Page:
Wall Street protests
Gateway Pundit blog and Michelle Malkin's Twitchy site both reported on Saturday how Ryan Clayton, a far left contributor to DailyKos and Huffington Post, was escorted out a Friday night showing of the documentary, Hating Breitbart, in Arlington, Virginia, for his outbursts during the opening minutes of the film. Clayton actually makes an appearance in the movie, where he shouted bogus allegations of cocaine use and soliciting male prostitutes at Breitbart in 2011.
I actually played a part in getting the leftist booted out of the theater. I went to the 10:20 pm showing at the invitation of Jason Jones of Movie to Movement, who is a good friend and a former boss. I sat towards the back of the theater, as many of the seats were filled by the time I entered. When the documentary started, Clayton somehow thought it was appropriate to add his own commentary track and laughed like a hyena at various points. I spoke up and told him to stop talking. But he didn't stop.
President Obama’s incessant Bush-blaming may be wearing thin with the electorate, but there’s at least one group out there still happy to believe the worst about our 43rd president and his government. Not surprisingly, they’re left-wing celebrities.
Hollywood, although not shy about promoting conspiracy theories in films, has eschewed the dark fantasy that 9/11 was an inside job. Until now.
The Left and the establishment press (but I repeat myself) are taking heart in the fact that Bruce Springsteen has agreed to campaign for Barack Obama in Ohio and Iowa later this week.
The campaign of Mitt Romney, and Republicans in general, are the ones who should be cheered by this development for two reasons. One of them, which is being reported, is that Springsteen said earlier this year that he wouldn't be campaigning; the fact that he has changed his mind proves that Team Obama is genuinely worried about their boss's reelection prospects. The second isn't as well-known, but should be. "The Boss" (i.e., Springsteen) went all-in with the Occupy movement earlier this year, essentially ratifying our incumbent president's endorsement. Springsteen's stance was described in several places in February, including at the Gothamist:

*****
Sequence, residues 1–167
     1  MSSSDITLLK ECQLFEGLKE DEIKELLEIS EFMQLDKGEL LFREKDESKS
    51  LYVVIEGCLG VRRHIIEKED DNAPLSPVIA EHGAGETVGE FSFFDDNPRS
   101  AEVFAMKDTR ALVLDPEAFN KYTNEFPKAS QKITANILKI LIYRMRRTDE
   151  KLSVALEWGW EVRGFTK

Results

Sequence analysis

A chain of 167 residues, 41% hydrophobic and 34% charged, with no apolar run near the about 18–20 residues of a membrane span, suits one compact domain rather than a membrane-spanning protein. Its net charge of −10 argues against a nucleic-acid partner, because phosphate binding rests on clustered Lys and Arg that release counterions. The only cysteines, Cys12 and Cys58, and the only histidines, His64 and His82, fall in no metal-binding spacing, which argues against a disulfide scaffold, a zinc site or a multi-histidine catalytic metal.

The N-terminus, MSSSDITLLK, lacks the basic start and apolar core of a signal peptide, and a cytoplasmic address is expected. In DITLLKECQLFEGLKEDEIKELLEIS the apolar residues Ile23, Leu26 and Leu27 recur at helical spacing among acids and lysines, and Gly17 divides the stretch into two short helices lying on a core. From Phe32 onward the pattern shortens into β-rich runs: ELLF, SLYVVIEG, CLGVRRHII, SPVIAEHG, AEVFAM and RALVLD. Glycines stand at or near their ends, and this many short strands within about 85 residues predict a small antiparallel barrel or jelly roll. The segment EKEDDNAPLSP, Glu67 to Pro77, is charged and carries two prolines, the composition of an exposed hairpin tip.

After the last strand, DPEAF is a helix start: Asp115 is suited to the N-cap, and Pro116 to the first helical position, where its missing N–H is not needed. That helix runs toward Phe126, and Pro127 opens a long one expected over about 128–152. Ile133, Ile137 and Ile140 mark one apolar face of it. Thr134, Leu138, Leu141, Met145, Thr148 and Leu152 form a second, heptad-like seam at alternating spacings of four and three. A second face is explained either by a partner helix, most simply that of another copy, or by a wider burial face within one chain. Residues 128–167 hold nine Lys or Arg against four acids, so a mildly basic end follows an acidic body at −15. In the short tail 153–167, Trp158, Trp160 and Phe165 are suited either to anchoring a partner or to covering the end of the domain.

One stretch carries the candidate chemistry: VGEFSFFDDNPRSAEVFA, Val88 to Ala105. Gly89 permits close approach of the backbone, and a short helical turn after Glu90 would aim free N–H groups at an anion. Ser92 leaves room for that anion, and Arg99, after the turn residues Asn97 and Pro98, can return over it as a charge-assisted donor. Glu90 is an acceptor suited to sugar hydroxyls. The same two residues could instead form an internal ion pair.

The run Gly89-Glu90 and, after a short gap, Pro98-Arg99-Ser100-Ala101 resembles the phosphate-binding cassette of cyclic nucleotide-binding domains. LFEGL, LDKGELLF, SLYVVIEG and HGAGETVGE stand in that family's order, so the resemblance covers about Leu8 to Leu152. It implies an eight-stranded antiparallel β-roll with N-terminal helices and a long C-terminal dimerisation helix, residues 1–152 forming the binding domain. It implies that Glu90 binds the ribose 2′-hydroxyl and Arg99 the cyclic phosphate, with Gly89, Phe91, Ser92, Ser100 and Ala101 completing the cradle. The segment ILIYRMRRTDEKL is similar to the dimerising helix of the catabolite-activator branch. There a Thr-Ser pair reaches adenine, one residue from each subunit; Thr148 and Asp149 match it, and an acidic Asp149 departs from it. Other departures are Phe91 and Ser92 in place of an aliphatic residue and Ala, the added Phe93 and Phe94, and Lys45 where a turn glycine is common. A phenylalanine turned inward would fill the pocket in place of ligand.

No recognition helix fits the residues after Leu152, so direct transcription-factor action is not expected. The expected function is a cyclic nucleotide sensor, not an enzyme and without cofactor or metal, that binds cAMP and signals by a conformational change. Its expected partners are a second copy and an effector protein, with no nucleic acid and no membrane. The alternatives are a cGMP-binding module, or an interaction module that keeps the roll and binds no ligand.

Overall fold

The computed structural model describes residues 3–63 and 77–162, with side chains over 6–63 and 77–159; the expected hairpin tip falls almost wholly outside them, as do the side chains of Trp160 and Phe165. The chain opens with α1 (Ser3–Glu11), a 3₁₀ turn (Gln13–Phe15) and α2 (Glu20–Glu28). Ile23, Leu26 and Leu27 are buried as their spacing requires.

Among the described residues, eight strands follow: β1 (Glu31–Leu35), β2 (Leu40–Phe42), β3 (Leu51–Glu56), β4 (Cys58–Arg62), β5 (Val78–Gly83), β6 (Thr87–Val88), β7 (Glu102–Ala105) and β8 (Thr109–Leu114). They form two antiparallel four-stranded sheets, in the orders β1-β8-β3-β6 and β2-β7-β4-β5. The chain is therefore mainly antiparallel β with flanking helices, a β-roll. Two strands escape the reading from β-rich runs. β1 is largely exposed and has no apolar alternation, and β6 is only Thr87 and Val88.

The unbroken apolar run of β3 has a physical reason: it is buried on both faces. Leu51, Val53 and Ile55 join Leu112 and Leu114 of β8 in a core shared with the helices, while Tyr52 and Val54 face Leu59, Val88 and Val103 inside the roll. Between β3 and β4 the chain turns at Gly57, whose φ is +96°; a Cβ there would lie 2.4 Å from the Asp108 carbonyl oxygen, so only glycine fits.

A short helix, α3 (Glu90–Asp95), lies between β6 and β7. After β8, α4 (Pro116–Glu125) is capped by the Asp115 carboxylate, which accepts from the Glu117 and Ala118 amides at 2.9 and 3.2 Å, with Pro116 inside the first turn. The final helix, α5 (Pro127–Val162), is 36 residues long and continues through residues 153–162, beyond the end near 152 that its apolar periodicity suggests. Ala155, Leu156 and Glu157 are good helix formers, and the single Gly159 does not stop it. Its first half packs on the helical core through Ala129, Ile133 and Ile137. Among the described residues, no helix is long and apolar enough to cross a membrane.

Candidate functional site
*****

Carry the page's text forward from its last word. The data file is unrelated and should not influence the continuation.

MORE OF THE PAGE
The Washington Post proved on Tuesday that it will promote “Occupy DC” protests as real “news events” no matter how poor the turnout. “About 50 protesters took to the streets waving signs, chanting and singing,” wrote the Post’s Annie Gowen. “They were trailed by a large cadre of D.C. police, in vans, on foot and on Segways, who obligingly shut down streets for them.”
And the Post obligingly awarded the protest with three splashy color photos, two on the front page of Metro, and a large 5-by-8-inch photo on the section’s back page. The paper's headline was “Occupy D.C. plans to stage its Act 2.” And it didn’t matter if this “stage” is sparsely attended, and only 30 people show up for events:
Gosh, those were the good old days. Or so Meghan Barr at the Associated Press apparently believes.
As what's left of the Occupy Wall Street mobs from last year staged a pathetic anniversary protest in New York on Monday, Barr, in one of the most embarrassing reports I've seen emanate from the self-described "essential global news network," described them as "celebrating" and "giddy." At the end, in a desperate attempt to show that the movement actually accomplished something, Barr cited vague and I believe completely unrelated statements from two banks about "working with their customers." For those with strong stomachs, the first five and final paragraphs of Barr's beclowning follow the jump.